When expansions get longer, a few things happen. Banks, consumers, and companies all get more confident about their ability to handle debt, which leads to more credit being extended. At the same time, lenders seeking growth start to become more aggressive about putting money in the hands of people. Once all the people who can easily afford to purchase cars have taken car loans or mortgages, banks seek out more marginal borrowers in order to keep boosting their profits. And once credit gets distributed a little too widely, borrowers begin to default—even if nothing else changes in the economy or the climate for credit.


But something is changing. For the first time in a decade, the Federal Reserve is raising interest rates—thus increasing the cost of borrowing and servicing debt. Before December 2015, when the Fed boosted the federal funds rate from zero to 0.25 percent, it had been 9.5 years since the Fed last raised the interest rates it controls. The Federal Reserve  has since raised rates in 0.25 percent increments twice. Yes, interest rates are still remarkably low, and the moves have been small. But it’s the direction that matters. For a decade, people in the economy had been conditioned to think that interest rates don’t really go up—and they borrowed and planned accordingly.

When interest rates were low and generally declining, people could refinance their way out of trouble. But when interest rates go up, it becomes harder to avoid trouble. And so as rates rise this deep in an economic cycle, it’s not surprising that the rate of financial failures is increasing. After hitting the lowest level since 2006 in the third quarter of 2016, mortgage delinquency rates rose in the fourth quarter to 4.8 percent. The delinquency rate on credit card loans, while still at a very low level, rose for three straight quarters in 2016. The volume of auto loans that are delinquent is rising rapidly. All these metrics will likely continue to rise.

In addition, it’s worth recalling that this recovery has been remarkably uneven. Amid the long expansions, there are always pockets of distress. So if you’ve extended credit aggressively in an area that is struggling to begin with, and interest rates start to rise, you’re likely to run into trouble quickly. Guaranty Bank, which failed in early May, lends primarily to lower- and middle-income people in urban areas, a demographic slice that hasn’t fully participated in the expansion. New Orleans’ First NBC Bank, the biggest failure so far this year, is a relatively new bank (founded 2006) that lent heavily to the oil and gas industry, which has been traumatized by persistently low prices.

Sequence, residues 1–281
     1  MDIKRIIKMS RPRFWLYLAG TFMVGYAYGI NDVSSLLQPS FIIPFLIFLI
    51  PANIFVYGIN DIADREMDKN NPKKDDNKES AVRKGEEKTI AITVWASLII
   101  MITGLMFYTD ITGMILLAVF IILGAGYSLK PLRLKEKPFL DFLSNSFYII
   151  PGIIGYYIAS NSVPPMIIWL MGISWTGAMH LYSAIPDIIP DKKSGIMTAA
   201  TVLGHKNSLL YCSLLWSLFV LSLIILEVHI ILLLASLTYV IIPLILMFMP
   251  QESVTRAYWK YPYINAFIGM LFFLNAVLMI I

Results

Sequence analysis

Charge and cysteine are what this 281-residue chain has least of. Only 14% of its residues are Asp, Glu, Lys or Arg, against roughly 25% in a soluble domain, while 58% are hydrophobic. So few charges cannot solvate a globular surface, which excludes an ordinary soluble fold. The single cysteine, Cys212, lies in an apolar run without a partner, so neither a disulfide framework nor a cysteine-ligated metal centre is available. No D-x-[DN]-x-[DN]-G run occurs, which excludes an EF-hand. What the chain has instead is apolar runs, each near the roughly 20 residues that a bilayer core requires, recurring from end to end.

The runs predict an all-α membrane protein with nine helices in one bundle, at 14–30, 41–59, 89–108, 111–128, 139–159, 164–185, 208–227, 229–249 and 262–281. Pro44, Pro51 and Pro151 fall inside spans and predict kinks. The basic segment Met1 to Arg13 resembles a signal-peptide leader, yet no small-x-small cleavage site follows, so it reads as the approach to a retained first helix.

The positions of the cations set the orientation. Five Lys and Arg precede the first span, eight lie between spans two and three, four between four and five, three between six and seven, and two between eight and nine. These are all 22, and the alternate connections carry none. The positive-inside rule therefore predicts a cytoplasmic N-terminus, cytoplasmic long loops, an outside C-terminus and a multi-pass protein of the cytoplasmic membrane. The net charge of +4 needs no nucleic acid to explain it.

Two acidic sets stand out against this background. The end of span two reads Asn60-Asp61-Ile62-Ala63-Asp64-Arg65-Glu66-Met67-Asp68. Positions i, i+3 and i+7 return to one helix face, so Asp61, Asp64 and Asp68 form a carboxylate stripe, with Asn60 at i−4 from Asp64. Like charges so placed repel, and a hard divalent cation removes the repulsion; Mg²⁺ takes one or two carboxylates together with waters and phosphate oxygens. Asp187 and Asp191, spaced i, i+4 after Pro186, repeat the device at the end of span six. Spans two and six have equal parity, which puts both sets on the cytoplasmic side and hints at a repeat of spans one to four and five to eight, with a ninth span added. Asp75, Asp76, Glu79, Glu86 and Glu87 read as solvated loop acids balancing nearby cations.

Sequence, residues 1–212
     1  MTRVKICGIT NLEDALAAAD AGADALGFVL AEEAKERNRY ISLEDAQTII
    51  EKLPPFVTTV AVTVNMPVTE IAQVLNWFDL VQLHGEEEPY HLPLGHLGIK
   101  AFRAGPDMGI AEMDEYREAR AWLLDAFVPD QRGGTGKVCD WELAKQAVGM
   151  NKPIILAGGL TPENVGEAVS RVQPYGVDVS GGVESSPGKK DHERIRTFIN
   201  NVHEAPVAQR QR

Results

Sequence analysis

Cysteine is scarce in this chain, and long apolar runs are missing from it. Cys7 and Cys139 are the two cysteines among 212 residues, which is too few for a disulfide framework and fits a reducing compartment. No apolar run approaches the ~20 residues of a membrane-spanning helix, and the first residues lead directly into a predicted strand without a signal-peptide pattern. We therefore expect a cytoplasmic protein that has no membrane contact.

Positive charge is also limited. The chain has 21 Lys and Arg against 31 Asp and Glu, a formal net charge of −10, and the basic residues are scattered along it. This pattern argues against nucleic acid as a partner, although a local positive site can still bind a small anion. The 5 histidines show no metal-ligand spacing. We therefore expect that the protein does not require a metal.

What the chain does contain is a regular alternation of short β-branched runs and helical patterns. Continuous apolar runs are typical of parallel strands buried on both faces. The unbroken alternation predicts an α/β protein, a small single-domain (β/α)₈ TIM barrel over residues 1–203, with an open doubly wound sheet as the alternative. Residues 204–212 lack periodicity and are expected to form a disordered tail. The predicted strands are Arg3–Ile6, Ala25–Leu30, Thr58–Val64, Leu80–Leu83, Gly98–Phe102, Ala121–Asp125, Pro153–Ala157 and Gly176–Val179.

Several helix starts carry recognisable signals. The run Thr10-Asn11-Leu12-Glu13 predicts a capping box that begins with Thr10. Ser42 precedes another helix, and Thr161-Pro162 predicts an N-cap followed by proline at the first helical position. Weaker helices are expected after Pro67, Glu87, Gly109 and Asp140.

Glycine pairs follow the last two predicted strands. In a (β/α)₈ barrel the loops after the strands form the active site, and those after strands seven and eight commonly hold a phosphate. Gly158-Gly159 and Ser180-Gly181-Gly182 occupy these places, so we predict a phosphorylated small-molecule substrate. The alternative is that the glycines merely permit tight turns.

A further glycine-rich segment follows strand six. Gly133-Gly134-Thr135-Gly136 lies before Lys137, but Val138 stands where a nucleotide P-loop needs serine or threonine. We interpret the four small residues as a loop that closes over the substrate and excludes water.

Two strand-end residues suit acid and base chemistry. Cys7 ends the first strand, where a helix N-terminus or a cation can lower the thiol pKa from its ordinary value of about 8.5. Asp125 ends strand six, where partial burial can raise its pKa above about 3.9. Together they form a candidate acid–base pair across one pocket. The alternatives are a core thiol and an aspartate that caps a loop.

None of this is to say we’re going to have a repeat of the financial crisis or there is  any danger of a recession but the spate of failures should set off alarms. The forces that have helped turn the direction of delinquency rates around are still very much there. The business cycle continues to age, What’s more, a sudden increase in financial failures tends to push banks and other lenders to pull back credit and tighten lending terms—which means it will be harder for people to refinance their way out of trouble or ask for leniency.

The two biggest democracies have different perceptions and strengths to tackle the problem of growing NPA and sick financial institutions but we have seldom heard of failure of Banks in India that credits the US with more transparency and freedom for the institutions to decide future of their own. Yes the Indian system remains protective under the bigg Government umbrella


The “I don’t care” attitude of Indian universities is keeping them off global rankings — Quartz

The Times Higher Education’s (THE) World Reputation Rankings for universities are out. And Indian educational institutions are nowhere in the top tier of the list. One of the world’s most prestigious rankings, THE as usual had a large number of institutions from the US and UK, including the three-century-old Harvard University and the Massachusetts Institute…

via The “I don’t care” attitude of Indian universities is keeping them off global rankings — Quartz

Unending Wait





my lov for that gal, cute smiling and tall,

blonde hair aesthetic walk n a dovy eye ball,

the chirpy stylish talk n her visibility online,

muscial hearty laughs n the air refrshing fine

A slight tender glance down her majestic stride,

Her redolent gyrations  leaving me always wide eyed,

captivated  and thrilled , by her charm like a prose

lost all credence for walking  up to her and propose,

Alas! one day she disappeared never to return

leaving me lost, bewildered dousing my heart burn




Bitcoin is approaching new highs for the year because of India’s demonetization

India’s cash crunch is sending one currency soaring. Since prime minister Narendra Modi pulled Rs500 and Rs1000 notes from circulation on Nov. 8 in a bid to fight corruption and terrorism, the weekly volume of bitcoin trading in India has nearly doubled from prior levels. The increased trading has helped push the digital currency’s value…

via Bitcoin is approaching new highs for the year because of India’s demonetization — Quartz